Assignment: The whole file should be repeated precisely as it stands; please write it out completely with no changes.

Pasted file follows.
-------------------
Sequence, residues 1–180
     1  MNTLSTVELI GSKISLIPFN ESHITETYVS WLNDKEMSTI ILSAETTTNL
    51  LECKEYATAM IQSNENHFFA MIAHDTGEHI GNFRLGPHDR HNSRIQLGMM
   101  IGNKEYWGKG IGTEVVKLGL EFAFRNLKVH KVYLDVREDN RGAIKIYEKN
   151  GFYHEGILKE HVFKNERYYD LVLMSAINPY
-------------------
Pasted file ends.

Sequence, residues 1–180
     1  MNTLSTVELI GSKISLIPFN ESHITETYVS WLNDKEMSTI ILSAETTTNL
    51  LECKEYATAM IQSNENHFFA MIAHDTGEHI GNFRLGPHDR HNSRIQLGMM
   101  IGNKEYWGKG IGTEVVKLGL EFAFRNLKVH KVYLDVREDN RGAIKIYEKN
   151  GFYHEGILKE HVFKNERYYD LVLMSAINPY